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House of Commons

Monday 9 July 2001

The House met at half-past Two o'clock


[Mr. Speaker in the Chair]

Oral Answers to Questions


The Secretary of State was asked—

Heavy Lift Aircraft

1. Michael Fabricant (Lichfield): If he will make a statement on the availability of heavy lift aircraft for the European rapid reaction force. [1183]

The Secretary of State for Defence (Mr. Geoffrey Hoon): There is no standing European rapid reaction force. European Union member states have nominated those elements of their own national forces that they believe could contribute to the requirements of the headline goal, including existing transport aircraft where appropriate, which could be assembled case by case to meet particular contingencies.

At the Paris air show on 19 June, I signed a memorandum of understanding with other partner nations committing the United Kingdom to purchase 25 of the new A400M aircraft. We have also leased four American C17 aircraft to provide a new outsize strategic lift capability until the A400M enters service. Two have been delivered, ahead of schedule, and I expect the remaining two to be delivered next month.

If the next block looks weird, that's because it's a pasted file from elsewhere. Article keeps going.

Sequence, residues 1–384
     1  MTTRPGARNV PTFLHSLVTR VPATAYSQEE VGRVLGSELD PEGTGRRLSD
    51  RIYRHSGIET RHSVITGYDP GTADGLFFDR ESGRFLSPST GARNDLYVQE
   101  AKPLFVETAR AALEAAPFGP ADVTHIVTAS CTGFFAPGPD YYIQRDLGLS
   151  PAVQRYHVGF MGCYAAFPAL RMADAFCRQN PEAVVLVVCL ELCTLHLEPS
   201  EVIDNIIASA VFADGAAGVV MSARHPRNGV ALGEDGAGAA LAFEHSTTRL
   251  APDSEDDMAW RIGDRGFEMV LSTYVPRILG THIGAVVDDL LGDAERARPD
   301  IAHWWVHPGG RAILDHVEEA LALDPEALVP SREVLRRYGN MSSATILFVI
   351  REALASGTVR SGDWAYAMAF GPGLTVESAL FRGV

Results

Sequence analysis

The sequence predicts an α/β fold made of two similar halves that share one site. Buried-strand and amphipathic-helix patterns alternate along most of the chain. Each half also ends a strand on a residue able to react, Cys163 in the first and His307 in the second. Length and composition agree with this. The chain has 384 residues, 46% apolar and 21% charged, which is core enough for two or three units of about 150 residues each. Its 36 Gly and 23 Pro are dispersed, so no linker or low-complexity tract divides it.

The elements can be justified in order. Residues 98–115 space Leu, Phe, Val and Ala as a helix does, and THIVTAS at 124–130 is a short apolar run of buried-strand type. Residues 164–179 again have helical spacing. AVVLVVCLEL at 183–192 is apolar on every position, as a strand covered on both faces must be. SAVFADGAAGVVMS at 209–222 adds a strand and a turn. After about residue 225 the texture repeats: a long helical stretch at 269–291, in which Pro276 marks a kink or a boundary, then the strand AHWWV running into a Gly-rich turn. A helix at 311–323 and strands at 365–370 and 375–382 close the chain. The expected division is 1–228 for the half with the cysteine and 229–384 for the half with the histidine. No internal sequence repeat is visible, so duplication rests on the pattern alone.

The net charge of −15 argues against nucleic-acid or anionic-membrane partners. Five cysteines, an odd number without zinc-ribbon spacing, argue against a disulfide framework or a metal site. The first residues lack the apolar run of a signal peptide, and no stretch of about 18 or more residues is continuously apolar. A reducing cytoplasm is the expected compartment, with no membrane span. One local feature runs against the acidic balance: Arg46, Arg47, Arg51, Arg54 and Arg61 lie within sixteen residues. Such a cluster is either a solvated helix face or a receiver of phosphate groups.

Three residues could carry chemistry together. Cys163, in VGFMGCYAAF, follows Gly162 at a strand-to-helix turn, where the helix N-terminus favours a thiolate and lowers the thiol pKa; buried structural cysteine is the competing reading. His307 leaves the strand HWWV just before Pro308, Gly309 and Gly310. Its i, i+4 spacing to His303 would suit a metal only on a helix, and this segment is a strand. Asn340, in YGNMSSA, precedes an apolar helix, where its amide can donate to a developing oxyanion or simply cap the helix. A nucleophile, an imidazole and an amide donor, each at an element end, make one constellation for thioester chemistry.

Our aircraft will be available for operations under either NATO or the EU, as well as for national operations.

Michael Fabricant: I thank the Secretary of State for that helpful answer. Does the memorandum of understanding to which he referred go as far as a contract? Does it mean that a contract will be signed this year for the A400M or does he share the concern of Conservative Members that defence cuts in Germany will result in the 180 A400Ms not being produced and the Airbus Industrie target therefore not being reached? Will a contract be signed this year?

Mr. Hoon: A memorandum of understanding is a memorandum of understanding. It is not a contract, as the hon. Gentleman so perceptively noticed in following up my earlier answer. I am optimistic about the prospect of a contract being signed this year, and I am confident that the German Government will be part of that contract.

Lawrie Quinn (Scarborough and Whitby): My right hon. Friend will understand that many Labour Members